How To Do It:
Setting up a FluFIT Program is not hard, but it does require some careful planning.
1. Put Your FluFIT Team Together
Select a FluFIT Champion to coordinate your efforts
This will usually be an enthusiastic physician, nurse, team leader, or quality improvement manager who has the time and skills to supervise the clinic staff who will carry out day to day FluFIT Program activities.
Select your FluFIT Team Members and Determine Staffing Requirements
FluFIT Team members can be medical assistants or other health workers who enjoy working with patients and who are willing and able to be trained to to provide flu shots and FIT kits to patients.
Depending on your setup, you may have each team member carry out all aspects of the providing flu shots and FIT to your patients, or you may divide up the tasks.
To implement FluFIT activities successfully, you may need to adjust your staffing assignments. If you have a high volume clinical site, you may need to assign one or more additional persons above what is usually needed for flu shot season to help assess patient eligibility and dispense FIT kits when indicated. In lower volume settings, it may be possible to create a successful workflow that does not require additional personnel.
Help your FluFIT team to be Successful
To ensure a successful program, start your planning process at least three months before the beginning of the flu shot season, and involve your team members in the planning process.
Once you have settled on the details of your program and who will be involved, set up a date for a final training session. This training should take place at least one or two weeks before the start of your Program. See link about Training
On the first day of the program, make sure that team members arrive early enough to check their supplies and systems for assessing patient eligibility and providing FIT before they greet the first patient. Assign at least one experienced team member who knows all aspects of the program to be on hand each day to help supervise and offer guidance to team members who are less experienced. Develop a coverage system for lunch breaks and a back-up plan to solve logistical challenges as they arise.
2. Choose Times and Places for FLU-FIT Program and Advertise
When to Start
The best time to start a FluFIT Program is on the first day of influenza vaccination season, usually in September. The first several days and weeks of flu shot activities can be busy, but this is also the time when you have the opportunity to reach the largest number of patients who may be due simultaneously for colorectal cancer screening with FIT.
Where to do it
You can do FluFIT Programs wherever you provide flu shots, but the approach used may differ depending on the nature of your venue, your available resources, and your relationships with your patients.
FluFIT Programs are easiest to implement within integrated healthcare settings. For example, in settings with immediate access to documentation about prior screening history and with systems to provide test results to primary care physicians and to refer patients with abnormal tests to get follow-up.
FluFIT Programs can be implemented during dedicated “FluFIT Clinics” or integrated with routine primary care office visits.
FluFIT Programs can be implemented outside of integrated healthcare settings, such as in commercial pharmacies or in non-clinical community health settings, but the logistics of doing this successfully are more complex, because of payment, processing, and test reporting issues.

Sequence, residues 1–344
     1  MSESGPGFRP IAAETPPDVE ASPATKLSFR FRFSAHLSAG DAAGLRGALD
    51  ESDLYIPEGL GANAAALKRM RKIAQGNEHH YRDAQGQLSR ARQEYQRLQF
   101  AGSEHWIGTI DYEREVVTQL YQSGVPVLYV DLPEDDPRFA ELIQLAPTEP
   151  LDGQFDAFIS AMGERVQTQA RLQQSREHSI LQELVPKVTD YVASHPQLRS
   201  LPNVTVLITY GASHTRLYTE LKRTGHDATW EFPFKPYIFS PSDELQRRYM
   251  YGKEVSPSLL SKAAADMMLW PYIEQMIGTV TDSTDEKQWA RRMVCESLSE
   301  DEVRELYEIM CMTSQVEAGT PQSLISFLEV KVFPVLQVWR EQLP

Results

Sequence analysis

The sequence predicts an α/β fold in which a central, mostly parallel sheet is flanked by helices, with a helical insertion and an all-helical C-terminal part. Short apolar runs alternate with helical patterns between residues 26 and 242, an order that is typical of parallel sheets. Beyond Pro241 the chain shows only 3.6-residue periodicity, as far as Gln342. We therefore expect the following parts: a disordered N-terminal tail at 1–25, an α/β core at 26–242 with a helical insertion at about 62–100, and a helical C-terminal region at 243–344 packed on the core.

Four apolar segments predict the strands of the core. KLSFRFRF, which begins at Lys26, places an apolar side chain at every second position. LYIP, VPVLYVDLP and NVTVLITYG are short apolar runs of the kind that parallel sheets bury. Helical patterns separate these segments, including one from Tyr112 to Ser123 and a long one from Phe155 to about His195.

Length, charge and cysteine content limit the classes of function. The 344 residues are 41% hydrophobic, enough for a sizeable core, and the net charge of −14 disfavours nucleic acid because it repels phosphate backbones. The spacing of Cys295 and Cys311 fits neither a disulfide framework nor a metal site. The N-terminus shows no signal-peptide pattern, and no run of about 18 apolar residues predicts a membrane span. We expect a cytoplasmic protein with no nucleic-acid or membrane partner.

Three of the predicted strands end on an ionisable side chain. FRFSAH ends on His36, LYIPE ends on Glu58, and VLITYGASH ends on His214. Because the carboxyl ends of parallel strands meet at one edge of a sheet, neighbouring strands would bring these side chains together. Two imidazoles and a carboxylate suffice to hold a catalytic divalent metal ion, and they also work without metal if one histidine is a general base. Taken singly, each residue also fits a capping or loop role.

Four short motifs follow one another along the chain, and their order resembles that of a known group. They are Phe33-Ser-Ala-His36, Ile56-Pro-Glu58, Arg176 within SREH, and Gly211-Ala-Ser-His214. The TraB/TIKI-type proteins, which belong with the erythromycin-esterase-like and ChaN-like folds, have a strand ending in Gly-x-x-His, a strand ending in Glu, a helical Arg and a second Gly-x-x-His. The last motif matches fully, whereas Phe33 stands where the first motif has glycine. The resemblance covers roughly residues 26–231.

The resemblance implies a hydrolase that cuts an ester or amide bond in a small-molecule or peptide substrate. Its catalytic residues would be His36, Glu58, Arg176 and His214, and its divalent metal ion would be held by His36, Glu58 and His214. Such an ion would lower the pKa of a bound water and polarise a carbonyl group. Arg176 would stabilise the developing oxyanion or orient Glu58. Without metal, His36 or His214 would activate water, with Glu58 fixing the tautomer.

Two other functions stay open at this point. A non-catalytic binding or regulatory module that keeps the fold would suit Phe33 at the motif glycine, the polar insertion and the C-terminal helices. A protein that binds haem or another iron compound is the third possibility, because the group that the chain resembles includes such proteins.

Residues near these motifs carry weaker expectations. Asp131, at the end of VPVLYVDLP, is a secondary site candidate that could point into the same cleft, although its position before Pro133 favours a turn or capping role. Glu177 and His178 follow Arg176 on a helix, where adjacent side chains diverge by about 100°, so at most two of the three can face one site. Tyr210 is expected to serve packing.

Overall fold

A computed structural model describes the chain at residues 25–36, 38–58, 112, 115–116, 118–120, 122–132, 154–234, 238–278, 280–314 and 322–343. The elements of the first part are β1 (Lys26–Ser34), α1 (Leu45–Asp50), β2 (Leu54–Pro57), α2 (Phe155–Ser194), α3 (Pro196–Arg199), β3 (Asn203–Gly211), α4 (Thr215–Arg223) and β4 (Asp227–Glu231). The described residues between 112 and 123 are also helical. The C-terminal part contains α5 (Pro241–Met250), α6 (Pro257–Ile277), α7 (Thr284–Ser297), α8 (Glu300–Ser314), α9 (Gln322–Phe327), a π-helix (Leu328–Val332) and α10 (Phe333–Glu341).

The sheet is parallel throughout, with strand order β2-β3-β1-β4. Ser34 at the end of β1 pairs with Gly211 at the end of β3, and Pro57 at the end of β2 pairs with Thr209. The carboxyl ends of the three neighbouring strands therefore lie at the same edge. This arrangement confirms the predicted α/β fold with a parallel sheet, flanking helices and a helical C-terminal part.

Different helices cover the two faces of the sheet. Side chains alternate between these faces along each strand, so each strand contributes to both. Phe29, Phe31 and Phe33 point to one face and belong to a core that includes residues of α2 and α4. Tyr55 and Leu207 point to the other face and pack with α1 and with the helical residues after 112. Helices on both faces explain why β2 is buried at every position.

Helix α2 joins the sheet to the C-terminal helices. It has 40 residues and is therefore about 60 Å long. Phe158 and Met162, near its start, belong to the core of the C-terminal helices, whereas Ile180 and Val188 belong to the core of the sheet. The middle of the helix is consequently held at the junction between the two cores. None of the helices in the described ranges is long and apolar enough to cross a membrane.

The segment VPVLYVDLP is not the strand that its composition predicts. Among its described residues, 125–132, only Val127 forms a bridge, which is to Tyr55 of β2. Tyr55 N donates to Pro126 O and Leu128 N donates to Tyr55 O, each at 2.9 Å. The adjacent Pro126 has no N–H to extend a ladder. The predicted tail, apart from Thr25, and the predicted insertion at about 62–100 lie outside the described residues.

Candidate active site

The first step is to advertise your plans at all levels of your organization, so that everyone can be on board and support your FluFIT Program activities as they develop, and so they will be ready to support you when you need help.
How to announce your FluFIT Program patients depends on your resources. If you are in a primary care setting, you may choose to pass out flyers to your patients announcing the FluFIT Program dates, send postcards, provide an automated phone call announcement, or place information about the program on your website or in a clinic newsletter. If your electronic health record has an active patient portal, you may choose to use it to advertise your program, as well.
Important information to give to patients can include the following:
• Dates and times of your program
• Who should come in for their flu shot
• Explain that patients aged 50-75 who come in for flu shots will be offered a home colorectal cancer screening kit if they are due
• Provide a motivational message, such as “Yearly Prevention Saves Lives”
3. Patient Flow and Line Management Plan
Offer FIT in line BEFORE giving the flu shot
Anticipating patient flow in advance will help your program run smoothly. In busy settings, there may be a FluFIt line. When there is a line, the most efficient way to reach everyone who needs FIT is usually to provide it before providing flu shots. Waiting until after the flu shot is given to offer the FIT kit may not work as well, since patients will often fail to wait for the FIT kit after the flu shot has been provided.
Assess eligibility for flu shots and FIT
Most experienced flu shot clinics already have established protocols for screening for patients with allergies to egg or poultry products or other contraindications to flu shots. Guidelines for providing flu shots are provided here: http://www.cdc.gov/flu/index.htm
Annual FIT should be considered for all adults between the ages of 50 and 75. However, patients who have had a colonoscopy in the last 10 years should not be offered FIT.
There are other types of screening for colorectal cancer, but they are not yet widely available in most clinical settings. In addition, healthy adults may choose to continue getting screening until the age of 85, but this is a decision best made between a patient and his or her primary care clinician.